First, the topic of the video is Executive Function: Skills For Life and Learning.  Executive function (wiki), which comprises planning, working memory, inhibitory control, and problem-solving, among other abilities, is having its moment in the news these days as educators and researchers focus on its importance in early childhood education—the Marshmallow Test being the pop-culture icon for the concept. Montessori Children’s Houses, with their emphasis on order, sequence, limitation of materials, and student-directed activity, are little laboratories of executive function, of course, and researchers have begun to take notice: Adele Diamond, on YouTube and at the Montessori Congress ($10), AMI Trainer Larry Quade, Dr. Stephen Hughes, and even at Harvard.

And that’s the second reason this is a big deal. The Harvard Center on the Developing Child, directed by national child development researcher and thought leader Jack Shonkoff, is so huge, influential, and pervasive in the child development world that it’s hard to know where to start (about, history, FAQ).  It emerged from the National Scientific Council on the Developing Child, now itself a program of the Center, along with the National Forum on Early Childhood Policy and Programs and the Global Children’s Initiative among others.  Partnered with the National Conference of State Legislatures and the National Governors Association Center for Best Practices, the Center is enormously influential in the development of state and national policies and practices in education and child development.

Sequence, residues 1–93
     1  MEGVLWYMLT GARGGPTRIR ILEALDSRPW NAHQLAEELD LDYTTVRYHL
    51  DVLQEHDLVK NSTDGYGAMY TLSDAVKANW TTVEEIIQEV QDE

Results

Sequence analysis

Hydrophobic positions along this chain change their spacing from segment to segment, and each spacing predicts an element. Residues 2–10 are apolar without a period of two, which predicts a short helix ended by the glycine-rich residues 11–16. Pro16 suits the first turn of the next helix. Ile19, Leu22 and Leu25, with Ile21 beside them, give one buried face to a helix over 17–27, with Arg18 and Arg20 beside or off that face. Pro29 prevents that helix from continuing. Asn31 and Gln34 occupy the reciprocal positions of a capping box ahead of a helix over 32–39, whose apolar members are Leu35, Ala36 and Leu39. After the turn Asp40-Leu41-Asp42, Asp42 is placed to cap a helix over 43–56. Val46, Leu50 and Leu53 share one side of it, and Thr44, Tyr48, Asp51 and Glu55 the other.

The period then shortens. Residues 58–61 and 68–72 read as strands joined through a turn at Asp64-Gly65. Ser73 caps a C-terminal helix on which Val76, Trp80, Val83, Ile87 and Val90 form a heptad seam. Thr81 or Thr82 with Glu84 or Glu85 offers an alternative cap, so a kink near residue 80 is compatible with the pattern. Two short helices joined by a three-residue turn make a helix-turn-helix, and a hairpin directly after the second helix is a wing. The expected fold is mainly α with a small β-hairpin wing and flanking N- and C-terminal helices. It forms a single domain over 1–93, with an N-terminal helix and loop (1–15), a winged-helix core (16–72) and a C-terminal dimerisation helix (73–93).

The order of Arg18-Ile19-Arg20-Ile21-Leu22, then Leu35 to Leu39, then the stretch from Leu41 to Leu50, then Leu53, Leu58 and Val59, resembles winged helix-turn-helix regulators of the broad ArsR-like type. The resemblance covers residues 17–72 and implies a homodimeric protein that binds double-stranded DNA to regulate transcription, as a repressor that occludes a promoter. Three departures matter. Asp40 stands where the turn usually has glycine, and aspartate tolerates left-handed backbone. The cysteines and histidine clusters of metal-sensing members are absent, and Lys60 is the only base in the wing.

A lot of important people are going to see this video, and although it doesn’t mention Montessori by name, they are probably going to be able to figure it out. And they are going to see that there’s something really special happening in those classrooms, and they are going to want to know more.

That’s the way to be in the conversation.

Bonus:  I learned that the video was shot at Three Tree Montessori in Burien, Washington, for the Washington State Department of Early Learning online training to provide information on executive function.  The training course, with additional video, is here.  Somehow—I’m still digging into exactly how—it made its way into the Harvard piece.

You’ll notice that Tools of the Mind is mentioned by name in the video, while Montessori is not.  A source connected to the video tells me that teachers were directed away from using “Montessori” in their interviews.  Interesting.

Montessori in pictures

The mixed-age classroom:

Imageolder child ties apron as younger child watches intently one year laterone year later

Sometimes if all you see is the finished product, you miss out on the process: